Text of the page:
March 30, 2013

"Three Kindreds" Essay!

The Three Kindreds as described in Druidism consist of three aspects: The Nature Spirits, the Gods and Goddesses, and the Ancestors. Despite my Christian upbringing, which has obvious emphasis on God and lacks the other two, I have always felt a call towards the Ancestors and the Nature Spirits despite this.

It's been a long time coming, but for the moment, I've settled on what can be best described as panentheism. I'd describe it best as something akin to the nature of Purusha, described in the Rig Veda as “both immanent in the manifested world and yet transcendent to it” (Wikipedia, Panentheism). My relationship with the Shining Ones is twofold: one part is that I see and respect Them as separate entities from the universe, but that there is a divine “spark” to everything. I'm unsure as to whether the Gods and Goddesses, inside of that theory, are actual beings, or are more of a manifested consciousness, much like the debate between hard and soft polytheism. I bounce back and forth between the idea of actual Beings and Jungian archetypes often.

Before finding Druidry, I was very much drawn to Hinduism and Yogic philosophy, which has probably formed my cosmic worldview considerably. I have felt the pull towards Celtic mythology as well since I was little, as I have always been interested in genealogy. My family, at least as far back as the 1800s, is from Ireland, and I very much felt as though it was a homecoming when I visited in 2008. Since then, I've been very interested in the Druids and the ancient approaches to spirituality. I haven't felt strongly towards working with a specific Celtic deity, although I do attempt to say “hello” as frequently as possible. I have felt the call of Eriu while meditating with a shamrock I had just adopted. I have had wild and vivid dreams of Ireland every night after doing so. So Eriu and I have had a meet-and-greet at least, and I look forward to working on my relationship with Her.

From my “Indian roots”, I have formed a very strong relationship with Ganesha. I understand that he is not a part of Vedism, but I choose to keep up this relationship, as it has been intensely powerful at trying times in my life. During my yoga instructor course, the first mantra we learned was the Ganesha Mantra (Om gam ganapataye namaha), and I was instantly hooked. I have found great peace in this Mantra, and have had many “obstacles” removed when the options were seemingly very limited. I am very familiar with Krishna as well, as I have studied the Gita a lot, and I feel as though he is approachable and kind. I have had some interest in and contact with Kali and Shiva as well, and I hope to further those relationships. Mantras, to me at least, seem to be the best way to get in touch with these Gods and Goddesses, which is probably why mantra work is so popular!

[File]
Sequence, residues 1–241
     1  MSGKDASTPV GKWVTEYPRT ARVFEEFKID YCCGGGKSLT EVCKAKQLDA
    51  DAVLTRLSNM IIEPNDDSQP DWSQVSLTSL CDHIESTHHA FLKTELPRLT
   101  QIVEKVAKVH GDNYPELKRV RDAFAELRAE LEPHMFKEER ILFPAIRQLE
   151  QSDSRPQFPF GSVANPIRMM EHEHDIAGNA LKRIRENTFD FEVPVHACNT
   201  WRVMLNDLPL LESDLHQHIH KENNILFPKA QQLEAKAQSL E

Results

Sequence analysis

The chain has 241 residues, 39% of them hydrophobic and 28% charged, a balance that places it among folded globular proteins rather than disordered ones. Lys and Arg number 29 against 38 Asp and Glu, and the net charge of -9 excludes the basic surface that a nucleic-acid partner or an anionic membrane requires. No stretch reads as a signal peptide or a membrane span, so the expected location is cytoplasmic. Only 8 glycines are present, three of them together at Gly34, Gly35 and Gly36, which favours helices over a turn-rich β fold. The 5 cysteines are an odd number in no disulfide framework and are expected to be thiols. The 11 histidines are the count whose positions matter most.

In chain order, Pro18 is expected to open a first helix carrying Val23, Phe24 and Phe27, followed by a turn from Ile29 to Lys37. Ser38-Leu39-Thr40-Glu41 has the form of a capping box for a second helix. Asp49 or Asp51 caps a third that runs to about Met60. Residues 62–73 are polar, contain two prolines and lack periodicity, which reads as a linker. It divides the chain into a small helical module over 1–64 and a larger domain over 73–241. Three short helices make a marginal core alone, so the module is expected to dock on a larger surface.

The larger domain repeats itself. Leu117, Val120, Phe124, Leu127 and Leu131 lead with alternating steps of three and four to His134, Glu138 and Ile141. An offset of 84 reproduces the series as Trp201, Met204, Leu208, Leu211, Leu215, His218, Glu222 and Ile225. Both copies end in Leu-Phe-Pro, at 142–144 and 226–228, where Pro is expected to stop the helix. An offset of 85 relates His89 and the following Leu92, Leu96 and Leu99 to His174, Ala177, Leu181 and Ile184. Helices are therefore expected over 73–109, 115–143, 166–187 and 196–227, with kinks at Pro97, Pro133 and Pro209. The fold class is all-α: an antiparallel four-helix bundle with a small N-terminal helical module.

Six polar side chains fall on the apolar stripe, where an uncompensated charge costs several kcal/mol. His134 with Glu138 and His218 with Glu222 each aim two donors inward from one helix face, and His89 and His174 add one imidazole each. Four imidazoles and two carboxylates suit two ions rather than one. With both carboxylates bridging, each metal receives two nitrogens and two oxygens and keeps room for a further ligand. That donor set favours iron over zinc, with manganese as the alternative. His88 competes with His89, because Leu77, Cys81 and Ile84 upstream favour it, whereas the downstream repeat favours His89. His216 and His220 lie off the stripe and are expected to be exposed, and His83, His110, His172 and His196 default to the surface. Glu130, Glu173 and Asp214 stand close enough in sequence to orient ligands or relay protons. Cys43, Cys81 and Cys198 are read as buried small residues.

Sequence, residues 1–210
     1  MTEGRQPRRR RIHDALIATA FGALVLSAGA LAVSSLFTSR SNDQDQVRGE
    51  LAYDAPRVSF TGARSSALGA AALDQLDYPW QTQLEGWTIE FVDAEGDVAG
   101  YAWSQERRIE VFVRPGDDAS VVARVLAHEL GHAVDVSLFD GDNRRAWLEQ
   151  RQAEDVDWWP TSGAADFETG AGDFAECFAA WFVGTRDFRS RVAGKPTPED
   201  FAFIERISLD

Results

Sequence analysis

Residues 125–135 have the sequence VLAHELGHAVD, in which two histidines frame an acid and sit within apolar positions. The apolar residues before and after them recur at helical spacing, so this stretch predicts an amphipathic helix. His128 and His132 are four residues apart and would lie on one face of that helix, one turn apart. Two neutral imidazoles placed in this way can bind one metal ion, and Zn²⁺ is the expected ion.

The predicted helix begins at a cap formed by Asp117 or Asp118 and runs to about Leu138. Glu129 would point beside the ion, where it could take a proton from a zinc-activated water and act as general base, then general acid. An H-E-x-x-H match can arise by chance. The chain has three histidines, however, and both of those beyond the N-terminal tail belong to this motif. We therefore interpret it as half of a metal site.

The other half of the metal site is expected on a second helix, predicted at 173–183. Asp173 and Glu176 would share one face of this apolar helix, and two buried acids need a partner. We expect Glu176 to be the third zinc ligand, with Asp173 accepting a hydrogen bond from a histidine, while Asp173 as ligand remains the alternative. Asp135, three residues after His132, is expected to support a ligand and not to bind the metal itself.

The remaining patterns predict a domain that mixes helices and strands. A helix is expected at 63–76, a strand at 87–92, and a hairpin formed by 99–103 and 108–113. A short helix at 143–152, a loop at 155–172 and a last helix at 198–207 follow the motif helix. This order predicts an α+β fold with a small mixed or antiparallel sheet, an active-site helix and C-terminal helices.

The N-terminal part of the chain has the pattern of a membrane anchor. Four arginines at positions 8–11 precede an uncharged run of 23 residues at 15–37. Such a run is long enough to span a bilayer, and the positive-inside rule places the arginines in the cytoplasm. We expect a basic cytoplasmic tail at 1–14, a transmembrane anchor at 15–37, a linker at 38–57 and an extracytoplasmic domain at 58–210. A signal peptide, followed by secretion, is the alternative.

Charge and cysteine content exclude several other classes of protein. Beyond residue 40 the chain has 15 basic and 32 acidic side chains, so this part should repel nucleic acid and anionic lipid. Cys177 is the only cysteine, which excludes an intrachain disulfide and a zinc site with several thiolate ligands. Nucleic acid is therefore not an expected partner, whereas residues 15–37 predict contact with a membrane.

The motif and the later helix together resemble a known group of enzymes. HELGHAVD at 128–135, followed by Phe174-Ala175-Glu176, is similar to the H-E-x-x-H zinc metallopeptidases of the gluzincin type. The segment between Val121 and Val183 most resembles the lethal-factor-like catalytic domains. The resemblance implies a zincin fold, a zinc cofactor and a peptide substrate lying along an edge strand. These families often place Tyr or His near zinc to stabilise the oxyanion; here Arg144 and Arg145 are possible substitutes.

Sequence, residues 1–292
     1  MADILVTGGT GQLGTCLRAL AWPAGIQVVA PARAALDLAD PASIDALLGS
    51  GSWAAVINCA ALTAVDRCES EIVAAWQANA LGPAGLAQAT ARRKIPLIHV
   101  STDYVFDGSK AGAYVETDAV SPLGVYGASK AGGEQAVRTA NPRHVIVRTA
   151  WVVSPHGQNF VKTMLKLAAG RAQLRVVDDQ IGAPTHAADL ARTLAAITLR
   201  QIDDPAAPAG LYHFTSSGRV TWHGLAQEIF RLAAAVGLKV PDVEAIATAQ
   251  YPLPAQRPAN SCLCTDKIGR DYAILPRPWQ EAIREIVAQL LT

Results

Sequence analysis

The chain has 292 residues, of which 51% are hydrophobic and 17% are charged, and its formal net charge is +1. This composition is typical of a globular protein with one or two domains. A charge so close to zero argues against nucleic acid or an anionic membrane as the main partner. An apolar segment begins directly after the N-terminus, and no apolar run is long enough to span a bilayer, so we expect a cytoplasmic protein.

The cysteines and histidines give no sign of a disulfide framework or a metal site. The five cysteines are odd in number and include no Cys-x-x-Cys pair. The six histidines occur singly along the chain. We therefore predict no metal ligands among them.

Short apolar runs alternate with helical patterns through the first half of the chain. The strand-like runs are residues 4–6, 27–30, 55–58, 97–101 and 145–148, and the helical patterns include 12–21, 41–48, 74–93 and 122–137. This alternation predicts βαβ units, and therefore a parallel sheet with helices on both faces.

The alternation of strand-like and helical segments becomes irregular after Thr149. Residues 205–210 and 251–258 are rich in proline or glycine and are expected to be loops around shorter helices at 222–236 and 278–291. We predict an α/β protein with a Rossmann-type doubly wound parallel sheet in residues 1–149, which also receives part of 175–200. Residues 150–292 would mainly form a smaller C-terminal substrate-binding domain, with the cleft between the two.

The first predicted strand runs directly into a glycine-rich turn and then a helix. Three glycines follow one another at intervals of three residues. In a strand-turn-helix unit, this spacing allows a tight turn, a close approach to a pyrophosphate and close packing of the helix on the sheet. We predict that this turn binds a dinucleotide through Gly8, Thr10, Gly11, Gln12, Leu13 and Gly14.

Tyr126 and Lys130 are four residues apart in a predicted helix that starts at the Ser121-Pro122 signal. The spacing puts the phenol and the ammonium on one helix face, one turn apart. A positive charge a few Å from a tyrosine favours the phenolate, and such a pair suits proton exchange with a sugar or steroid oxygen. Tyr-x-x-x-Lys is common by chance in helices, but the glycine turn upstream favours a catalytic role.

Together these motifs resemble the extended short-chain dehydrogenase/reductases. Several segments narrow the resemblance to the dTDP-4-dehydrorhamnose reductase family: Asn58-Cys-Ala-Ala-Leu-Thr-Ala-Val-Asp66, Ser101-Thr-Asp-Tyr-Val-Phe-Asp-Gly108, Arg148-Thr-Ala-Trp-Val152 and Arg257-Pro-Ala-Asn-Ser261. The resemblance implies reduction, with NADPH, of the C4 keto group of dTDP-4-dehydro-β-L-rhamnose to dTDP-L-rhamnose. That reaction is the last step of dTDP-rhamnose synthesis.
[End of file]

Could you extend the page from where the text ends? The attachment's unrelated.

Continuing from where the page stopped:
I feel very fortunate to have a connection to and a need to understand the divine, regardless of how complicated it may be. Not everyone is so lucky. As connected as I feel to the Natural World, I don't feel as though my Druidry would be the same without the feeling of wonder the spark of the divine brings.

The Nature Spirits and I have always been close friends. I grew up as an only child, and was often in the care of both my maternal and paternal grandparents. They both were fortunate enough to live on the water. I spent a lot of time communing with the creatures in the water, like little mussels and snails and fish, and would spend hours watching them swim around. It was, in retrospect, quite meditative. I have been brought up in a culture of awareness of the natural world, and quickly caught on to names of trees, being able to identify birds by their song, and to the natural comings and goings of all the local creatures with the change of the seasons. My upbringing, though officially Christian, was very Druidic.

More recently, I have been attempting to improve my relationships with Nature Spirits in a more focussed way. I now have a house of my own, and have had the opportunity to plant trees and shrubs around my house. Unfortunately, the previous owner had cut all of the old growth trees down, and I had this desperate need to find healing for our little slice of land. I've been fiercely trying to protect my little leaf babies, and hopefully they will continue to thrive this year. I've been meditating with them, and although I haven't received much in the way of feedback other than a sense of unconditional love, I'm open to seeing what wisdom they have to impart. I feel as though my Druidry has brought a name and a reason to the feeling that I was always more of a part of the natural world than this human one we have so carelessly constructed.

The way by which I am most in touch with the Nature Spirits, however, is actually indoors. I have two cats (Bosco and Maya) and two dogs (Boober and Farley), and they teach me more about myself than would have ever thought possible. Farley especially. Farley has an intense anxiety problem, which he comes by honestly, as so does his fur-mom (also known as, yours truly). I suspect I may have had something to do with that when he was a puppy, but we both lean on each other to help relieve the other's anxiety. Our favourite thing to do when we've just had enough is let out a big ol' howl. I'm sure the neighbours love us. But we have this thing when we howl that feels so instinctual. I can tell how he's feeling by the sounds he makes, the pitch of his voice; he tries to meet my voice's tune and volume exactly. It feels like being part of a wolf pack. Figuring out how to be the alpha-critter in my house has been no small feat, as you have to “be” them. I can't figure out how to solve problems between the four of them until I think like a cat or a dog. Sometimes I have to literally get down on their level and communicate with them that way. It has been the greatest lesson in so many ways, but mostly in compassion. All four of them live precisely in this very moment, and love unconditionally as a result. They connect me to my Druidism by bringing out my inner "wild". I try to live up to their perception of me.